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WikiLeaks founder Julian Assange's legal battle over extradition to US nears conclusion as final court hearing begins

Updated on: 19 February,2024 03:09 PM IST  |  London
mid-day online correspondent |

Julian Assange is facing 18 accusations in the US for WikiLeaks' 2010 disclosure of confidential material, including espionage & computer misuse.

WikiLeaks founder Julian Assange's legal battle over extradition to US nears conclusion as final court hearing begins

Julian Assange. File Pic

WikiLeaks founder Julian Assange is reaching the end of his long legal battle to prevent extradition to the United States, with what could be his final court appearance beginning in London.

Assange, 52, is facing 18 accusations in the US for WikiLeaks' 2010 disclosure of confidential material, including espionage and computer misuse. His extradition hearing in London will determine if he may file an appeal against the transfer, stated the Associated Press report.

His wife, Stella Assange, describes the decision as a matter of life and death for him, noting his failing health while in jail. "His life is at risk every single day he stays in prison," Stella Assange told AP. "If he's extradited, he will die," she added. 

Probe against Julian Assange

Assange has been subjected to various sorts of restrictions for more than a decade, beginning with his self-exile in the Ecuadorian Embassy in London in 2012. After Ecuador revoked his refugee status in 2019, he was detained by British police and has since been imprisoned.

Although the Swedish investigation into sex crimes has been discontinued, Assange remains in detention due to an extradition fight with the United States.

"Julian has been indicted for receiving, possessing and communicating information to the public of evidence of war crimes committed by the US government. Reporting a crime is never a crime," Stella Assange told AP.

On the other hand, US lawyers said that Assange is guilty of attempting to hack the Pentagon computer and that Assange's WikiLeaks publications created "grave and imminent risk" for the US intelligence sources in Afghanistan and Iraq. 

According to the Associated Press report, among the files published by WikiLeaks was a video of 2007 Apache helicopter attack by American forces in Baghdad which killed 11, including two Reuters journalists. 

Consequences of the verdict

If the London court denies Assange's request for a full appeal, he might be extradited to the United States, pending consent from British officials. His legal team expects to appeal any adverse verdict to the European Court of Human Rights, though they are concerned about possible extradition before the Strasbourg, France-based court may interfere. A favourable verdict at this week's hearing would clear the path for an appeal, which would likely prolong the matter even further.

Wikileaks Editor-in-Chief Kristinn Hrafnsson criticised the lengthy judicial processes, calling them a sort of "punishment through process." He believes the delay is a deliberate ploy to wear Assange down and lengthen his sentence, the AP report stated.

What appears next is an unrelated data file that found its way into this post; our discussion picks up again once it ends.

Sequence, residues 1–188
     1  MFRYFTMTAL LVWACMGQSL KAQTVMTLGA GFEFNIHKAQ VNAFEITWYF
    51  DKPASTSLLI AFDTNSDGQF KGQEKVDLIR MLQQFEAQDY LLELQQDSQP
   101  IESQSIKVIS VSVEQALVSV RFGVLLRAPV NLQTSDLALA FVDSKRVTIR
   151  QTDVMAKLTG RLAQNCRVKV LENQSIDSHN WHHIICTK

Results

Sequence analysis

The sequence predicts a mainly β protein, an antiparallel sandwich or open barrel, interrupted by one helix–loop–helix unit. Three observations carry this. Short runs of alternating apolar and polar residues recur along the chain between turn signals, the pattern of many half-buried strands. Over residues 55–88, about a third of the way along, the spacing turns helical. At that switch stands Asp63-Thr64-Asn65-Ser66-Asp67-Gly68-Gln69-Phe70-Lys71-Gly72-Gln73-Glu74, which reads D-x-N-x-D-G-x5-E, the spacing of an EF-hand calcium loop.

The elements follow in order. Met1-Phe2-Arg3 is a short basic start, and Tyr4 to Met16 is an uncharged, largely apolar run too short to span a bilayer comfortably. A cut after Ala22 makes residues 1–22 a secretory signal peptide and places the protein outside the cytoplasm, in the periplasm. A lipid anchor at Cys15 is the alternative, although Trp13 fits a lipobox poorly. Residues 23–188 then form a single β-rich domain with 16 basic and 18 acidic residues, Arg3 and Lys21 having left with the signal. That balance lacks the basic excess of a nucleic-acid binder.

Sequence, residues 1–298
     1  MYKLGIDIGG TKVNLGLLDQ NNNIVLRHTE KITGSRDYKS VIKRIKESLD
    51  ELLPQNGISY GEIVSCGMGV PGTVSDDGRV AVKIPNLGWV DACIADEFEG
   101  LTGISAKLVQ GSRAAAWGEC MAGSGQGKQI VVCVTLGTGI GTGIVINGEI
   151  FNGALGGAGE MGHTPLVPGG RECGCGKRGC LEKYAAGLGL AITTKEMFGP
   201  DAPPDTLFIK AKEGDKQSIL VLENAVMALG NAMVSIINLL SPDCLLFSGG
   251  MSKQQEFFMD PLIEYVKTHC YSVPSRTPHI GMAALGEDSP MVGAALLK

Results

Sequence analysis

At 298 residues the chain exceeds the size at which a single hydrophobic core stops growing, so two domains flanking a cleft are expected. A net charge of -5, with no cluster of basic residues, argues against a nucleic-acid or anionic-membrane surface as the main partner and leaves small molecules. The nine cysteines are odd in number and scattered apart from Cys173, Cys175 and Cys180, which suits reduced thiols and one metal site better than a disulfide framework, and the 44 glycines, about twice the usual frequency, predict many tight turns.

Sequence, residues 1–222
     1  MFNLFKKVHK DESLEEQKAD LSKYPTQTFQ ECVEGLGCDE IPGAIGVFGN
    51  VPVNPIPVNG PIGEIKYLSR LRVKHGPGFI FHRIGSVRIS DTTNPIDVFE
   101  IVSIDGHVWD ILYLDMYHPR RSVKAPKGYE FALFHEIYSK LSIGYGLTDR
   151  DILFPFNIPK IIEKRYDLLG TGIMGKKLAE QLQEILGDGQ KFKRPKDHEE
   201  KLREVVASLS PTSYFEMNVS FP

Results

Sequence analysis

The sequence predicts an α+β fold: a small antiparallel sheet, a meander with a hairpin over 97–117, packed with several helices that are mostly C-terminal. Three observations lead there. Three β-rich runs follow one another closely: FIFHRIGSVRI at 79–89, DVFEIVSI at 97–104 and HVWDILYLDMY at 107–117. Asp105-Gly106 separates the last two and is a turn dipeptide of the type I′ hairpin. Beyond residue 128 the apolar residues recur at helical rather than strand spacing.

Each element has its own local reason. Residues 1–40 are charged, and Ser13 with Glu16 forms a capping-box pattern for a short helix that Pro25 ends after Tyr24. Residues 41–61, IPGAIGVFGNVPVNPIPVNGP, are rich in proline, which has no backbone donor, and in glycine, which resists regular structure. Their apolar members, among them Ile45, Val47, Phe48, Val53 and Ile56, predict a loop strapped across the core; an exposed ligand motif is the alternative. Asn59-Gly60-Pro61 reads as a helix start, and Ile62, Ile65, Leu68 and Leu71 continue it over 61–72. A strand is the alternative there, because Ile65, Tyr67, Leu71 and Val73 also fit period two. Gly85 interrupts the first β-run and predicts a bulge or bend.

According to the report, Despite the UK Supreme Court's rejection of Assange's previous petition, his wife believes there are several grounds for appeal in his new bid. Assange's legal team plans to argue that he cannot receive a fair trial in the US, citing a US-UK treaty prohibiting extradition for political offenses and contending that the Espionage Act was not intended to apply to publishers.

Meanwhile, Assange's legal team opposes extradition, claiming worries about his fair trial rights, the political character of the charges, and the unprecedented use of espionage statutes against a publisher.

"The drafters of the Espionage Act did not intend for publishers to fall within its ambit. Unchallenged expert evidence showed that receipt and publication of state secrets is routine, and that there was an unbroken practice of non-prosecution' of publishers. The prosecution crosses a new legal frontier' and breaks all legal precedents'," Stella posted on social media.

Julian Assange's condition in prison

Stella Assange expresses deep anxiety about her husband's deteriorating mental and physical health, compounded by his protracted imprisonment. She describes incidents of illness, such as a mini-stroke and a broken rib from coughing. Their two young sons, born during Assange's stint in the embassy, pay him monthly visits in prison while subjected to stringent security checks. Stella hides the children from the specifics of their father's plight, hoping to shelter them from the terrible realities of his captivity.

"I worry about him every time he gets sick. The mental toll is extreme," Stella Assange said.

"I don't think it's fair on them to know what's really going on. They know exactly what a prison is. They know that the guards are stopping Julian from leaving the prison even though he wants to come home," she added. 

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